I guarantee you that two people are already weighing those odds -- Dave Munday and Steve Trotter. Think about it. These two guys were so enamored of the idea of conquering Niagara that they did it twice. They've also lived off whatever small-time fame comes from surviving a barrel-ride over the falls. They both were featured in the Discovery Channel program on Niagara Falls. They have been profiled in many articles about Niagara's daredevils. For a short while, Trotter even traded on his fame by setting up shop in the Rainbow Centre Mall, where he sold autographed souvenirs commemorating his first trip over the cascades.
Can you imagine what went through Munday and Trotter's minds when they first heard the news about Jones' trip? It must have been similar to what the king of the silent films felt when he stepped into a theater and watched his first talkie. Instant obsolescence.
In fact, Munday was in such a state of shock when reporters told him a man had survived a plunge without a barrel that he insisted it had to be some kind of hoax.
I'll make a morbid prediction right here and now that you can take to the bank. Someone will die attempting to duplicate Jones' feat.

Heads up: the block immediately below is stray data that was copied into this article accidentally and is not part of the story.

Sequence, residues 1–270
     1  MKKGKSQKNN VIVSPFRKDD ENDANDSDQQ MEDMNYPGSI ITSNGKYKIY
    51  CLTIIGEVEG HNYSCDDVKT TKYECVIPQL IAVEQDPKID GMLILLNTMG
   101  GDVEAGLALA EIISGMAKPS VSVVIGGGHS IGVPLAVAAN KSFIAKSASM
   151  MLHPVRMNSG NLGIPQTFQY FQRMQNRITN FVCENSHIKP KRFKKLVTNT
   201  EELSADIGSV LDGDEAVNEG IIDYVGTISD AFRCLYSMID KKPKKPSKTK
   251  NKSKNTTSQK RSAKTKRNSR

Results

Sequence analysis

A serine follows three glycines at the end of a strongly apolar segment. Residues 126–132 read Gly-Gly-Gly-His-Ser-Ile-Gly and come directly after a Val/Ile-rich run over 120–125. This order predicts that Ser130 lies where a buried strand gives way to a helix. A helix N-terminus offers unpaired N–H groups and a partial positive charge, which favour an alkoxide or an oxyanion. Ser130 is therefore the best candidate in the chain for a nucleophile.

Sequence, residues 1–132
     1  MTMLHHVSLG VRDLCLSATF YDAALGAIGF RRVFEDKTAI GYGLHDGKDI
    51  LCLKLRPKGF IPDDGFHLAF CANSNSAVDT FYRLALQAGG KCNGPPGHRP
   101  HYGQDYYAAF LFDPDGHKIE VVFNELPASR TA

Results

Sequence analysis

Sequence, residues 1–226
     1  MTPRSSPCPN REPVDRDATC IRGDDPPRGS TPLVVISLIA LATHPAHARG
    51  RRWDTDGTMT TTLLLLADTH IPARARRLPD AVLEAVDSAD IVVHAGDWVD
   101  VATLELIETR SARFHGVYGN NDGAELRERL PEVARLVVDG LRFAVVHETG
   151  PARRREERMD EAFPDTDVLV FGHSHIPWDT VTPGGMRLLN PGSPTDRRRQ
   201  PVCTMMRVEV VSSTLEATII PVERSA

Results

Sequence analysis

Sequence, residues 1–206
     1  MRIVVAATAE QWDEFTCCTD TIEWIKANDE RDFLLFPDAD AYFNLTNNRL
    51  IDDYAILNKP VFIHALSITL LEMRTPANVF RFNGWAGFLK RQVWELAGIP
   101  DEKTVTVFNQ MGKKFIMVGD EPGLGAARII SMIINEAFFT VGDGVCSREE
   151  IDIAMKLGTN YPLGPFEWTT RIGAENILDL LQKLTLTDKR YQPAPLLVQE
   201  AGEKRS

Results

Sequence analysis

And they won't be the last. This new era just might evoke memories of the tightrope-walker wars of the mid-1800s, when a bevy of aerialists such as Blondin and The Great Farini dueled in a constant game of one-upmanship.
As my colleague David Staba has so astutely pointed out, Jones impressed no one with his mental quickness or knowledge of the water flow at Niagara when he spoke to the press, after being released from police custody and charged with stunting. The unfortunate message he sends to aspiring new-era daredevils is this: If a simpleton like me call pull this off, anyone can do it and survive.
A new era has dawned at Niagara Falls. Because of the inconceivable ride of Kirk Jones, hundreds of young men and women will attempt to bodysurf the mighty cataracts in hopes of staring into the bright lights of fame and fortune. Most, if not all, will end up under the bright lights of the coroner's autopsy table.
|Niagara Falls Reporter||www.niagarafallsreporter.com||November 4 2003|